We had always planned to stop at Porto en route to southern Spain, but when the chance came up to coincide our visit at the same time that our friends Mike and Marisa were there, it was an opportunity to good to miss.
So, even though we were still in northern Spain, we planned our visit using public transport. It was really easy too, we just had to get to Combarro and catch the bus to Pontevedra. From there, catch a connecting bus that took us directly into Porto city centre. And, it was only €25 euros each for a return ticket. Boy could we learn a thing or two about public transport. Considering Combarro is a small fishing village, to be able to get from there to Portugal in 3 1/2 hours was a bit mind blowing.
With coach tickets and accomodation booked, we headed off to Porto and wow, what a time we had.
Firstly, the bus journey was amazing. Our route took us in and out of the Rias, so we got to see much more of Ria Pontevedra and Ria Vigo than we could have ever seen had we gone by boat. Going through the little villages seeing people go about their daily business was fascinating (people watching at its best!) and the scenery was stunning. Even when we got out onto the motorway the scenery was breathtaking, particularly going through the mountains and over bridges that connected one hill to the next. The 3 1/2 hours flew by.
Mike and Marisa met us off the bus and our induction into Portugese life started. So much to see and do with so little time, where to start. I know, with two men with healthy appetites, it had to be food and drink so we headed off to a cafe nearby.
To say the Portugese have healthy appetites would be an understatement .We ordered what I thought would be light lunches, but all meals are served with rice and chips. That's not either/or, that's both! There was so much food on the table that even the men were defeated. We also had our first introduction to Vinho Verde (green wine) which is a speciality of Portugal.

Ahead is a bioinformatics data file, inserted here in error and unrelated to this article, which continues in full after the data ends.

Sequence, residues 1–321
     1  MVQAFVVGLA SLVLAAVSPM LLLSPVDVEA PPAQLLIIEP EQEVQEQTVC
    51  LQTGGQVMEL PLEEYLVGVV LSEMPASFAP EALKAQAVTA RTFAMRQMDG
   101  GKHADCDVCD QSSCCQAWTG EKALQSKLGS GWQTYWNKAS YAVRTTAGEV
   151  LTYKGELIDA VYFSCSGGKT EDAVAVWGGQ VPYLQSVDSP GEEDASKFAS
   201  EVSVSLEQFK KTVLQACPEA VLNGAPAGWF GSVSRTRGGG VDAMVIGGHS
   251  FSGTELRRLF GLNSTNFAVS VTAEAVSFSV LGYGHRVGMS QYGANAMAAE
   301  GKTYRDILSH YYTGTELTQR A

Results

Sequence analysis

Vinho Verde is not a grape variety, but the name of the area producing the wine. The name literally means green wine, but translates as young wine as the wine is usually released within 3 to 6 months of the grapes being harvested. And it's not green! It comes in red, white or rose and has a slight fizz to it and is quite addictive.
Having been fed and watered, we headed off for our tour of Porto.
Ever since we first met Marisa, she has been passionate about Portugal and her home city of Porto and after spending a couple of days in the city, we could see why. She was an excellent tour guide and took us to places that showed off the city at its best.
We visited churches with frontages adorned with beautiful blue mosaic tiles and the Sao Bento train station which has amazing murals made out of the blue tiles.
|Santo Ildefonso Church|
|Porto Cathedral, Santo Ildefonso Church, Clerigos Tower, Sao Bento Train Station|
The blue tiles are one of the most emblematic representations of Porto's history and culture. Originally imported from Spain during the 15th century, the Azulejo tiles can be seen all over the city.
One of the best examples of how the Azulejo tiles were used to tell stories is in the Sao Bento train station where the main hall is covered in over 20,000 Azujelo tiles. Created by Jorge Colaco, the tiles tell a story of important moments in Portugese history.